Council President Melvin Priester Jr. laughed, adding, "That's more true than you know."
City Clerk Kristi Moore and her staff took a picture with the council and mayor in front of the Council bench, showing off a plaque created for the occasion.
"We are on a very tight schedule," Priester said, pointing out that sometimes the clerks have to turn around important documents, like meeting minutes, on a very short deadline. "Where before that used to be an impossibility for the City of Jackson, and it caused the City of Jackson to lose money and not be able to take advantage of opportunities, the Clerk's office now ... they get it done."
Priester highlighted the Clerk's integration of new software to allow citizens to request documents without a visit to City Hall. "I too wanted to express your thanks for what you do, not only for the Council but also for the City," Ward 7 Councilwoman Margaret Barrett-Simon said.
Ward 3 Councilman Kenneth Stokes said that the Clerk's office of today is an improvement over the clerks of the past.
"We can remember the time, Councilmember Barrett, when the City Clerk's office used to put out material with misspellings and everything else," Stokes said. "The Clerk's office are special, hard workers, and we are just thankful for the staff."
Mayor Tony Yarber praised the resilience of the office to mediate between the different branches of the government during his own proclamation, calling their office the "front door of the city."
"I'm really impressed with y'all's ability to work between the administration and the city council," Yarber said. "I know you work for the city council, but I never at any point feel like there are any problems created because of that dynamic."
"So I just wanted to thank you for your extreme professionalism and your ability to be able to meander through seven bosses and all of the things that happen in the couple of floors above you," Yarber said.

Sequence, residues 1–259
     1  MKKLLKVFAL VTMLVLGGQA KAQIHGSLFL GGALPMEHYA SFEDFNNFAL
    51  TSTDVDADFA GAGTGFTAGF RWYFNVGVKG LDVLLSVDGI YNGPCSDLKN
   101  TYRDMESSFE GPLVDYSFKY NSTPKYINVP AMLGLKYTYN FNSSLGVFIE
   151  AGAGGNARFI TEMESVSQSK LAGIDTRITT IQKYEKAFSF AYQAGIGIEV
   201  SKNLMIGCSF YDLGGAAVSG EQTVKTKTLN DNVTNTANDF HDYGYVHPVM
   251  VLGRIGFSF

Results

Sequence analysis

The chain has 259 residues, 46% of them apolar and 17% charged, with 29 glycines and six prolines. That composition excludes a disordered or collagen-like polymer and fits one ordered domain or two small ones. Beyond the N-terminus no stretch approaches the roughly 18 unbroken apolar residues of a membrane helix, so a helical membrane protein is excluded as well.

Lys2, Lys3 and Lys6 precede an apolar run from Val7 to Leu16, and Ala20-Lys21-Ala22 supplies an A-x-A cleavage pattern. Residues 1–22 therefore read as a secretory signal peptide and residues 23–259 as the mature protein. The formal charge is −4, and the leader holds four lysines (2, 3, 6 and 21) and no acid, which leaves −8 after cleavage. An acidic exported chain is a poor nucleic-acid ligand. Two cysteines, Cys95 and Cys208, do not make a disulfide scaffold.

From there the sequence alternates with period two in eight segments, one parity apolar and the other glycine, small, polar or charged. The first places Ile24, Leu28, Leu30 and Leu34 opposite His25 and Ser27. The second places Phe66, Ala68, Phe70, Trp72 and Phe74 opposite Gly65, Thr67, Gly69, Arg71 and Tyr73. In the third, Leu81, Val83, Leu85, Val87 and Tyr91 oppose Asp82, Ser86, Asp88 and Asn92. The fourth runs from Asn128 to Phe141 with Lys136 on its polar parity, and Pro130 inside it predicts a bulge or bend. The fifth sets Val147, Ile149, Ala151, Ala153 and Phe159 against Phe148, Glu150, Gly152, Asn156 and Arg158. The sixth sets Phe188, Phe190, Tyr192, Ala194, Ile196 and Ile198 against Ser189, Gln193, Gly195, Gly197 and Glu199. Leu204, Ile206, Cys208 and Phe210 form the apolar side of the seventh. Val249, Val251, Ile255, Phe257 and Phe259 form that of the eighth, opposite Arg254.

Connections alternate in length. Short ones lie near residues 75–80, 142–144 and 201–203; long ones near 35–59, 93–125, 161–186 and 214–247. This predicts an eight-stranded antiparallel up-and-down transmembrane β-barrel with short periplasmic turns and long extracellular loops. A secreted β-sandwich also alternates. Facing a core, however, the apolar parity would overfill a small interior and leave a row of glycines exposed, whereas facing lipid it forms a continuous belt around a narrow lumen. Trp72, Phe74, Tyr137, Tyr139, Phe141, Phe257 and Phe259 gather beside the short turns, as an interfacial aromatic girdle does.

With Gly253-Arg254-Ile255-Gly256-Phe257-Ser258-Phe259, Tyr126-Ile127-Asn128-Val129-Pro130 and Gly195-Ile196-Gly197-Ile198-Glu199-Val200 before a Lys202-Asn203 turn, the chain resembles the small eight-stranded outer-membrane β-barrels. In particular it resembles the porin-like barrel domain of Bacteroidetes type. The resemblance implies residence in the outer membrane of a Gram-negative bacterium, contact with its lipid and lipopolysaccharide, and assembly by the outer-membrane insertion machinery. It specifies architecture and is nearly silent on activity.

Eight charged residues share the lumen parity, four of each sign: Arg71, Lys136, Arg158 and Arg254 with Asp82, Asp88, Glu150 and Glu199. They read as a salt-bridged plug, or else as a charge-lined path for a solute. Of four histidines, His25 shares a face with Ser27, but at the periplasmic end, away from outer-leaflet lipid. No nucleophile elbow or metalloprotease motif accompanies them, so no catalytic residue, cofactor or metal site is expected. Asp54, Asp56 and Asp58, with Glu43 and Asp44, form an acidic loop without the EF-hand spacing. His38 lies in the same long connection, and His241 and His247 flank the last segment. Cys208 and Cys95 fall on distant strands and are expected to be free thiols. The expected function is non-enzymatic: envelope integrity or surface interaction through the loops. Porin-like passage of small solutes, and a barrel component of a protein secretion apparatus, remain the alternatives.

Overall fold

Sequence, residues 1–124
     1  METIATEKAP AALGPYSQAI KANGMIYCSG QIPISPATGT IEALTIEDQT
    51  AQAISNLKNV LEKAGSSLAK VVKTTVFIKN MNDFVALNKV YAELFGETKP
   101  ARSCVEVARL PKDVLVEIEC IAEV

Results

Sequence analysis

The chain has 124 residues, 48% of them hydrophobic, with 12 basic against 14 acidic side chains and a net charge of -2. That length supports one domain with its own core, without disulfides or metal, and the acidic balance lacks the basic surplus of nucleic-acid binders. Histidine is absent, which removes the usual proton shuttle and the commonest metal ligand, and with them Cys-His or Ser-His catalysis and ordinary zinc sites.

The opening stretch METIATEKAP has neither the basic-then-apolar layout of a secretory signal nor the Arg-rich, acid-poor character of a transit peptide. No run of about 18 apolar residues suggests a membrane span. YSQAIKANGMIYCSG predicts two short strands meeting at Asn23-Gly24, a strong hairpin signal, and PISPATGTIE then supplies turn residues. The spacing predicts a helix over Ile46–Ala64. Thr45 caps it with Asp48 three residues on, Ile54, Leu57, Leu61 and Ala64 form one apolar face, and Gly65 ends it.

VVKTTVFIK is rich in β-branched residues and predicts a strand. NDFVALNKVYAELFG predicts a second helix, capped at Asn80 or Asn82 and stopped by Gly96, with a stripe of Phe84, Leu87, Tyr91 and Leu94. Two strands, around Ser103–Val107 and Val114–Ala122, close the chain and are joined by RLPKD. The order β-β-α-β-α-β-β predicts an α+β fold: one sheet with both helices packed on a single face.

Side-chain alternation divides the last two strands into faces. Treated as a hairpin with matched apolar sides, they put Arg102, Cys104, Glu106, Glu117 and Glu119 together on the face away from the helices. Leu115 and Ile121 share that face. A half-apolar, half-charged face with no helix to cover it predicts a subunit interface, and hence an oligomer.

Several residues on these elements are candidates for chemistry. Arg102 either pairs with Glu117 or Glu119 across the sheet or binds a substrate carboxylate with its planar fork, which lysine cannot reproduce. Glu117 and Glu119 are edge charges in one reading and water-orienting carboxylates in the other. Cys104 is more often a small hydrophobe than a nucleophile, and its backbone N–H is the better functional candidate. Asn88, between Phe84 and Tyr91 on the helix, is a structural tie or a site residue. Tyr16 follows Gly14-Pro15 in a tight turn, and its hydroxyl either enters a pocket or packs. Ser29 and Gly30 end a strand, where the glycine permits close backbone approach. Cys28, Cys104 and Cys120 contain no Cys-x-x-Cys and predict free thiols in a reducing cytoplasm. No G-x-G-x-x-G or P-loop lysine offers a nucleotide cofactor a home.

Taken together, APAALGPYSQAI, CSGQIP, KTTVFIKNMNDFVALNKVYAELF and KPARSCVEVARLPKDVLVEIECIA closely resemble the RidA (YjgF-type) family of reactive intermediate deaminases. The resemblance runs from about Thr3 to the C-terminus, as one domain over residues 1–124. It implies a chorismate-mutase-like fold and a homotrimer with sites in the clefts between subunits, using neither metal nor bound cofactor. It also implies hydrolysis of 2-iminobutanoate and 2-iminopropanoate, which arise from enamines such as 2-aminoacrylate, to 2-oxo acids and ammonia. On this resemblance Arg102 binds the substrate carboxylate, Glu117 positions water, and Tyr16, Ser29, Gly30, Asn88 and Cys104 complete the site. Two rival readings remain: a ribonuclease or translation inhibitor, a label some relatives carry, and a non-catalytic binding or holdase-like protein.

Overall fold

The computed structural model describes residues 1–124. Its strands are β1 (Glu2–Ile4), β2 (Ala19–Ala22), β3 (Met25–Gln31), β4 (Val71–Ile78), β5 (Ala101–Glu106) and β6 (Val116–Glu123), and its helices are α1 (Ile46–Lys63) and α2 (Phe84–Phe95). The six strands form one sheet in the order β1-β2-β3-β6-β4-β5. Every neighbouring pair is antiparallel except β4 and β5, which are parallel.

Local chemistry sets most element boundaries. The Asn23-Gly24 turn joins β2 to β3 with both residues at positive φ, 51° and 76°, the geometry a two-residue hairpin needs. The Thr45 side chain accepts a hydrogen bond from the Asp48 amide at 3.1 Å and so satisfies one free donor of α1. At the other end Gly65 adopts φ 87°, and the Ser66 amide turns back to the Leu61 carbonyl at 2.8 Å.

At Odds Over 1-Percent Tax
Mayor Tony Yarber and a member of the 1-percent sales-tax commission disagree over whether or not the City of Jackson can leverage the funds to pay for loans to address crumbling and dilapidated water and sewer infrastructure.
Yarber believes the City can use 1-percent sales-tax revenue to pay off some of the $11-million revolving loan from the State for water needs. The bulk of the loan is allocated for capital improvements at both of the water plants, to replace cast-iron pipes and to finish construction of a water line at O.B. Curtis. The Jackson City Council approved the loan May 3, and the Mississippi Department of Health will facilitate.
When asked if the plan was to use water-sewer revenue to pay the amount due on the loan, Yarber was clear about his intent to use 1 percent funds.
"To be honest with you," Yarber said, "it was never a question of whether not we would use water-sewer funds. It was always the idea that we would go back and use 1 percent (money)."
"Inherently, that's the issue with the commission. There's this idea that the commission is responsible for approving blobs of money at a time. And that is wrong," Yarber said. "There have been some issues on the commission as to understanding the role. The commission's only role is to approve a master plan."
"So right now, to some degree, the commission is acting like the Council, when ultimately that's not how that is supposed to work. And we are going to fix that," the mayor added.
On the other side of the debate is James "Pete" Perry, the chairman of the Hinds County Republican Party, who Gov. Phil Bryant appointed to the commission. Perry believes the mayor is trying to out-step the authority of the City to dictate how the funds can be used.
"The commission has never talked about replacing water lines throughout the city. The commission has not talked about borrowing 11 million dollars and paying for it with 1 percent money. It is certainly not in any master plan," Perry told the Jackson Free Press in a May 6 interview.
"And unless the commission came and voted to put it in a master plan and then approved it as an expenditure, I don't believe they can touch the 1-percent money to do it, and I don't believe the state will loan that money without such an approval," Perry continued.
"Because the state is going to look at how are you going to pay it back."